Imelda May | Review

Imelda May | Review

Waterfront, Belfast • 20 December 207

By Stewart Robson • Photography: Tremaine Gregg

Immediately immersed into the sensual and evocative aura of Imelda May’s vocals, a sold-out Waterfront Hall bore witness to the heartbreak and self-reflection of the Dublin songstress’ latest album Life Love Flesh Blood.

Belfast came back for more of May’s rasping vocals with her last Northern Ireland show only taking place during spring this year at the same venue.

As the lights went down, we were enveloped in an intimate atmosphere that would have made you believe you were in a smoky New Orleans jazz club, never mind a conference hall on the banks of the Lagan. The walls seemed to shrink as May’s guitarist subtly opened the show with delicate fingerpicking. Spherical spotlights honed down on May’s petite frame as she glided on stage, opening the evening with ‘Call Me’, the first track from this year’s album. You could hear a feather hit the floor.

It’s a track full of raw emotion as a lover pines for the call of another. The room was gripped by every word as the seated May wallowed in her longing. A bold move to open with a ballad and a move that paid off.

It set the mood for the rest of the evening as the setlist is laden with songs from May’s latest effort including ‘Human’, the swagger-inducing ‘Bad Habit’ and ‘When It’s My Time’, a collaboration with Jools Holland.

There is a fear perhaps that the connection between performer and audience can be lost with such a focus on new material, especially with May taking such a different route on her newest album, but watching the elegance of the Dubliner as she perused the stage looking for answers to her heart’s questions left Belfast transfixed.

May certainly wasn’t shy in hiding her love for Belfast comparing it to where she was born and raised in Dublin. ‘Rough round the edges, but full of the nicest people you could possibly meet’. There was a sense of fond agreement amongst the masses. An understood reflection.

The second half of the evening began with May sitting at the front of the stage, accompanied by her guitarist. She has a real craft for drawing an audience into her world, a craft she has no doubt had to learn with her changing personal circumstances within the last few years and her change in style.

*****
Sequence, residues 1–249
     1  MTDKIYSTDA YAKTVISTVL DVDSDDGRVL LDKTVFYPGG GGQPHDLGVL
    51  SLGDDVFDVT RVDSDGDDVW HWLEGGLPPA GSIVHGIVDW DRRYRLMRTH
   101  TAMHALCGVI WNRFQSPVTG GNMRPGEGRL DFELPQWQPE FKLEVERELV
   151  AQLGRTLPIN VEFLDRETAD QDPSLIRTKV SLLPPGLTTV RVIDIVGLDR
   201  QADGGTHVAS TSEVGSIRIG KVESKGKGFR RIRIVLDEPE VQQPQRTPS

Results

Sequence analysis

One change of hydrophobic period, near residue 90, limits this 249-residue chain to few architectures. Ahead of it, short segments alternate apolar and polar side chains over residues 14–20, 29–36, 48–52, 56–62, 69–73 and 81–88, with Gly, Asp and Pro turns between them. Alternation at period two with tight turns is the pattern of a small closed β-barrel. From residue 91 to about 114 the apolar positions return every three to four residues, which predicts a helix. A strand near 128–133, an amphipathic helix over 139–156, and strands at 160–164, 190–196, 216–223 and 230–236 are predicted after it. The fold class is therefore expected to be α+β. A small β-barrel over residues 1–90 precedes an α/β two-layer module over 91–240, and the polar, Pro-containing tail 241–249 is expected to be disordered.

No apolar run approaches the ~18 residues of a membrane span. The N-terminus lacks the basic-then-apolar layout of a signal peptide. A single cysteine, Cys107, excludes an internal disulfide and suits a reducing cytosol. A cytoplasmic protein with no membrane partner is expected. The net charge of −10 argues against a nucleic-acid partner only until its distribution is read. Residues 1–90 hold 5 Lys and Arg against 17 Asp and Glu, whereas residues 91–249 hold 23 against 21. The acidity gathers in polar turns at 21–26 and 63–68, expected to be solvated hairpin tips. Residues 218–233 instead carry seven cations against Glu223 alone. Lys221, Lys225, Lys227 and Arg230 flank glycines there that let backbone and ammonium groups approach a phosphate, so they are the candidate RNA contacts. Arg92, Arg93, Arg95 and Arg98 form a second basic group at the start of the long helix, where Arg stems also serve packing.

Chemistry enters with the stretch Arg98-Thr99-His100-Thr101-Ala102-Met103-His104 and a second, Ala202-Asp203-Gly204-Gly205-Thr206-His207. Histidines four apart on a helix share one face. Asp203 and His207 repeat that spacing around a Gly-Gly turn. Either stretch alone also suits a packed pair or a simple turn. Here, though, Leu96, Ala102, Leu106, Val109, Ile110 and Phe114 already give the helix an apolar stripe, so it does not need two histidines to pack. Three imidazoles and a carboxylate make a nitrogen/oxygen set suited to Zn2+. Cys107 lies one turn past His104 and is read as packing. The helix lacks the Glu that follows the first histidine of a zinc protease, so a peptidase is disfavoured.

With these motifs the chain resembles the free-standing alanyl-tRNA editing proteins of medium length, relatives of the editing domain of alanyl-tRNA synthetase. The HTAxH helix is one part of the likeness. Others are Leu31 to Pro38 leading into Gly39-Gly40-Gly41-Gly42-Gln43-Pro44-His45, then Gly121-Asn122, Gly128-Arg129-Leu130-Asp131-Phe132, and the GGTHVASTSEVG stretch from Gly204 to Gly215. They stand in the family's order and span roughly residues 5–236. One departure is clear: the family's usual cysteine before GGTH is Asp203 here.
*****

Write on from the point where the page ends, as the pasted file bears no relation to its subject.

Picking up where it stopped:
‘The Girl I Used To Be’ is a highlight as she looks back on running free down ‘the cobbled streets’ and ‘swimming in the Irish Sea’, a nostalgic trip down memory lane that she now sees mirrored in her daughter’s life. A song that comes full circle and a song that many in the room could no doubt relate to.

But this gig didn’t just focus on the trials of love and loss.

A seamless change to May’s upbeat tracks saw the audience making the most of their Wednesday night as they rose up, gathered into the isles and danced the night away proclaiming that it ‘Should’ve Been You’ during May’s latest single.

The set didn’t lose pace and culminated in ‘Johnny Got A Boom Boom’, the opening track to her debut album. Seats continued to be vacated in every level of the auditorium as the celebratory atmosphere rose from the dust of May’s heartache.

The Undertones’ timeless classic ‘Teenage Kicks’, was masterfully executed and grew the connection between May and her audience in a way only that song can. A nod to the Maiden City’s finest.

What better way to end a gig five days before Christmas than reminding us that ‘Santa Claus is Coming To Town’. May, adorned with a Santa hat, closed the evening with a rousing rendition that sent Belfast dancing into a festive frenzy.

It was a gig that had everything. It flowed, it had sadness, joy and optimism. A beautiful way to go into the new year with renewed hope and happiness from an underrated singer who has seen it all.

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